Saturday, 4 September 2010

Married in Haste?

Researchers who have traced their Scottish ancestors back to the pre-1855 Old Parish Registers will know that many so-called ‘marriage registers’ are in fact records of the proclamation of banns and do not necessarily include the date the marriage took place (or indeed if the couple ever actually got married).

You may find, however, that the register includes details of the fee paid for proclamation or records the numbers of days on which banns were proclaimed (sometimes abbreviated to ‘3 Sab’ for three Sabbaths, for example).

In theory, banns of marriage should have been proclaimed on three successive Sundays, but it is clear that this did not always happen. So I was interested to come across this explanation in the Kirk Session Minutes for the Parish of Ceres in Fife of exactly how a couple could have their banns proclaimed more quickly (providing they were prepared to pay the additional fees of course!).

National Archives of Scotland Reference: CH2/65/5 Pages 186-187:

Ceres 6th Octr 1794

The Session taking into consideration
that there has crept into this parish several irregularitys
with Respect to the proclamation of Bands_
The Session unanimously agreed and resolved for the
future, That each couple of folks that is to be pro=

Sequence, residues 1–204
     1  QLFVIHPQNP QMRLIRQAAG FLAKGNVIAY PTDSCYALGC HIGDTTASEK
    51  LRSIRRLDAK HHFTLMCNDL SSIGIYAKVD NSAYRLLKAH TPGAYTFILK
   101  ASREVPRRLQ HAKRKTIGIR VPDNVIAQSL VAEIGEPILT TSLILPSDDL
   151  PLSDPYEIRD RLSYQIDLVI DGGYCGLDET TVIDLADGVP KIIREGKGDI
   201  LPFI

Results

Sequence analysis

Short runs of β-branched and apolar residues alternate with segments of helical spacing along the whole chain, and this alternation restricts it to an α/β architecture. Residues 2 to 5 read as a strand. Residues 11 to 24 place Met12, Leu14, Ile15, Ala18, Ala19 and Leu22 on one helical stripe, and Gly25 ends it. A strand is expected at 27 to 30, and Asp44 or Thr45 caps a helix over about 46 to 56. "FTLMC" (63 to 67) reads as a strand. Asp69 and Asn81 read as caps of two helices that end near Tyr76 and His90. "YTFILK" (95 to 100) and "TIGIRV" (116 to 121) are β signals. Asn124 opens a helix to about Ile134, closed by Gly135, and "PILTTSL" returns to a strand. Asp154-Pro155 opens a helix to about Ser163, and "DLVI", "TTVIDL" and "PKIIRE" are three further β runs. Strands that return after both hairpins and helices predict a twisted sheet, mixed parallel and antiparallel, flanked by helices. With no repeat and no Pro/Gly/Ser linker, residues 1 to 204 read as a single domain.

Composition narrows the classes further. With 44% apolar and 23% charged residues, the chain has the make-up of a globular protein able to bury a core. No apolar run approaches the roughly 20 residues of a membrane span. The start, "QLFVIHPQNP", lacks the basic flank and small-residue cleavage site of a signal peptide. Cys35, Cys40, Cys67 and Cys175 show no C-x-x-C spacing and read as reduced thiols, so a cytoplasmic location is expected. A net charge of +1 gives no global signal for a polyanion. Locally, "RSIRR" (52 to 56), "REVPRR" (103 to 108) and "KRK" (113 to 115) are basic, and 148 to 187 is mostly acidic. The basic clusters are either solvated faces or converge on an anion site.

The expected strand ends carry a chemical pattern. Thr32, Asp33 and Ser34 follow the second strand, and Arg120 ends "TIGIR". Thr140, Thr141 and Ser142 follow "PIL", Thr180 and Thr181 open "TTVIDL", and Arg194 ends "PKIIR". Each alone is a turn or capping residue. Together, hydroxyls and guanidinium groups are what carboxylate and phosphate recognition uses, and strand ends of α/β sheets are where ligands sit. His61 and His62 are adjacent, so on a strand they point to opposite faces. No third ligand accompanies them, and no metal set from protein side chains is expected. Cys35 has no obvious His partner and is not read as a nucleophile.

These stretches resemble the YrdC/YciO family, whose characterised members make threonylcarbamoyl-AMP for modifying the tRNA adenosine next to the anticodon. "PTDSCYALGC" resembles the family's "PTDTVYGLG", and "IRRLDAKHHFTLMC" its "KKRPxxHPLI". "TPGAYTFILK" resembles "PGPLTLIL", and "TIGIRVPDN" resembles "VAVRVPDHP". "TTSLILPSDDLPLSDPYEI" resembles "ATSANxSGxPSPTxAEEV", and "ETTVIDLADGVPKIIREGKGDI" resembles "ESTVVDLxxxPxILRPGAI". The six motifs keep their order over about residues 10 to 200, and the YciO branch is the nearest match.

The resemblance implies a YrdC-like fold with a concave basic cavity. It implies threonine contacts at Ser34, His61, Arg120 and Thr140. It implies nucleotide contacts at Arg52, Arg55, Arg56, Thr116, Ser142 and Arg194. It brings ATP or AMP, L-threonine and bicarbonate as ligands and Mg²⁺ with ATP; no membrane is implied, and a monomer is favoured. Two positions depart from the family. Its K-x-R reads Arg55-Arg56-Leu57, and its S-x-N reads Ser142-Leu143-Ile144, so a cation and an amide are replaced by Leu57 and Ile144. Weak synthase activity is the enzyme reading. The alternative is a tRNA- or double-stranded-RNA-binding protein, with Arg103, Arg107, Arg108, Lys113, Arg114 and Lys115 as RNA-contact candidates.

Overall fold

claimed three different Sabbaths in the ordinary
way shall pay the Ordinary to the poor which is
Fourteen pence Stirling and if they choose to be
proclaimed three times in two Sabbaths, they shall
pay Two Shillings and sixpence Stirling to the poor
and if they choose to be proclaimed three times in
one Sabbath they shall pay six shillings Stir:
to the poor_ and if they are
proclaimed three times in two different Sabbaths
they shall be proclaimed in the morning of the
first Sabbath, and on the Second Sabbath in the
morning befor divine worship and at noon that
day before divine service, for the last time_
And if they are to be proclaimed three times in
one day they shall be proclaimed at the ringing
of the second Bell by the Precenter befor two or
more witnesiss; and for the second time at the convun=
ing of the forenoons service, and for the third and
last time at the convuning of the Congregation
in the
afternoon_ The Session further ordains
that when partys are to be proclaimed three times
in one day they shall pay to the Precenter one shilling
Stirling for his additional trouble_


Presumably, similar arrangements were in place in other parishes, so by noting the fees your ancestors paid for their proclamation you may be able to determine how much of a hurry they were in to get married!

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